Hints for the advanced search
Each search term must contain at least four characters. The search query Let it be would return no results.
A number of common words is silently ignored. This is to increase performance and to improve the quality of the search results.
There is a number of operators which allow to fine-tune your search (see below for examples).
+ A leading plus sign indicates that this word must be present in each article that is returned.
– A leading minus sign indicates that this word must not be present in any of the articles that are returned.
By default (when neither + nor – is specified) the word is optional, but the articles that contain it are rated higher.
~ A leading tilde acts as a negation operator, causing the word’s contribution to the article’s relevance to be negative. An article containing such a word is rated lower than others, but is not excluded altogether, as it would be with the – operator.
* The asterisk serves as the truncation (or wildcard) operator. Unlike the other operators, it should be appended to the word to be affected. Words match if they begin with the word preceding the * operator.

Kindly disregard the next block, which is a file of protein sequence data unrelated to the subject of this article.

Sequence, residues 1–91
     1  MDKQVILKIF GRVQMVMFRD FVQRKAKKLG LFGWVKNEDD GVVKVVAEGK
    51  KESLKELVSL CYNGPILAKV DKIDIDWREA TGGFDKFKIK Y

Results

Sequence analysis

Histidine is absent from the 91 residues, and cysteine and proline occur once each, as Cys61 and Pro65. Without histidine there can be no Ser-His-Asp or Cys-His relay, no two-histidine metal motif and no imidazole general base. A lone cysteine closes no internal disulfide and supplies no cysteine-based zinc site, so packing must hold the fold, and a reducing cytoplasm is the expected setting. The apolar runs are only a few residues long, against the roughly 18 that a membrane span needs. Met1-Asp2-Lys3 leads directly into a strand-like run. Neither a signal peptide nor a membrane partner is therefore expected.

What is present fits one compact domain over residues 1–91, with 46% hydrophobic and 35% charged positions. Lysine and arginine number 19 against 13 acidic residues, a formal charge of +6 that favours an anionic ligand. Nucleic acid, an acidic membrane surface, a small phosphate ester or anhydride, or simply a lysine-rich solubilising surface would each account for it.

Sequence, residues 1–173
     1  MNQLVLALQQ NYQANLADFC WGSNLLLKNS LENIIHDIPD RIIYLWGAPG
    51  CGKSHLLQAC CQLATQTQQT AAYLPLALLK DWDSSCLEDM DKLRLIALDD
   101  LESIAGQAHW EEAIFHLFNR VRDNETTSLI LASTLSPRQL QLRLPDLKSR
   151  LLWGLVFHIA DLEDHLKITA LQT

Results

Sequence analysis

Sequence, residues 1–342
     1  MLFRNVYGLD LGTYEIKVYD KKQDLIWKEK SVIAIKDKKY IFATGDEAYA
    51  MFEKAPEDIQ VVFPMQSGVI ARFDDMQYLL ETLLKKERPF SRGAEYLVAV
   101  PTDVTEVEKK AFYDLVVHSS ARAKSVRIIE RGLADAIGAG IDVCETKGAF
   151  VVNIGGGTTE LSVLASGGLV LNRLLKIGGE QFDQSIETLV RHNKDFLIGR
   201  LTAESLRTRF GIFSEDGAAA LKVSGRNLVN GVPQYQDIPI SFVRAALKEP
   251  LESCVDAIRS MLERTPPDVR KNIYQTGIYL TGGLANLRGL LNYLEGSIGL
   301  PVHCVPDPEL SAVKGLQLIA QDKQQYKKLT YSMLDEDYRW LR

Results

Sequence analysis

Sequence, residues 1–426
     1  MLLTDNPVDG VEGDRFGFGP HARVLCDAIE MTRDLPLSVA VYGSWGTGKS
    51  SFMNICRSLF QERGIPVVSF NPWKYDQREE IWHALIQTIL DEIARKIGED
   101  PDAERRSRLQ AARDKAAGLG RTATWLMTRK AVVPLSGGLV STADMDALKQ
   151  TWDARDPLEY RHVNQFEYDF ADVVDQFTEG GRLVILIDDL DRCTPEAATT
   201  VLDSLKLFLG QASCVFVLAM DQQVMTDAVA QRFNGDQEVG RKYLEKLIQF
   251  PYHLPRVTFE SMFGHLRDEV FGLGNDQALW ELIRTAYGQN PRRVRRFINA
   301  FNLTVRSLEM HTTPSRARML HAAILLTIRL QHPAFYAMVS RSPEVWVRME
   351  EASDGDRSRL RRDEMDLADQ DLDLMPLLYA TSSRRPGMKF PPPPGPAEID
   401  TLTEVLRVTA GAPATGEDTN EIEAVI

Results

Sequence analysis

” ” A phrase that is enclosed within double quote characters matches only articles that contain the phrase literally, as it was typed.
The following examples demonstrate the usage of the advanced search:
Find articles that contain at least one of the two words.
Find articles that contain both words.
Find articles that contain the word apple, but rank articles higher if they also contain tree.
Find articles that contain the word apple but not tree.
Find articles that contain the word apple, but if the article also contains the word tree, rate it lower than if article does not. This is “softer” than a search for +apple -tree, for which the presence of tree causes the article not to be returned at all.
+apple +(>strudel <jelly)
Find articles that contain the words apple and strudel, or apple and jelly (in any order), but rank apple strudel higher than apple jelly.
Find articles that contain words such as apple, apples, applesauce, or applet.
Find articles that contain the exact phrase sweet apple (for example, articles that contain my sweet apple but not my sweet and tasty apple).